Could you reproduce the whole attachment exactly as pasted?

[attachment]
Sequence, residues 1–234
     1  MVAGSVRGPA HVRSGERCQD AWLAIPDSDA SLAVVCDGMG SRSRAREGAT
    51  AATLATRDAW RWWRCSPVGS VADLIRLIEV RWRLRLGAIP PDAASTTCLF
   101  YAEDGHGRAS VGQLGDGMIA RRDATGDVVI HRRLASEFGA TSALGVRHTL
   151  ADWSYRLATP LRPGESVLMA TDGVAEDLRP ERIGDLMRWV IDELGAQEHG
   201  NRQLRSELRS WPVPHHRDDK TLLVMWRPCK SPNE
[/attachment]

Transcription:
Sequence, residues 1–234
     1  MVAGSVRGPA HVRSGERCQD AWLAIPDSDA SLAVVCDGMG SRSRAREGAT
    51  AATLATRDAW RWWRCSPVGS VADLIRLIEV RWRLRLGAIP PDAASTTCLF
   101  YAEDGHGRAS VGQLGDGMIA RRDATGDVVI HRRLASEFGA TSALGVRHTL
   151  ADWSYRLATP LRPGESVLMA TDGVAEDLRP ERIGDLMRWV IDELGAQEHG
   201  NRQLRSELRS WPVPHHRDDK TLLVMWRPCK SPNE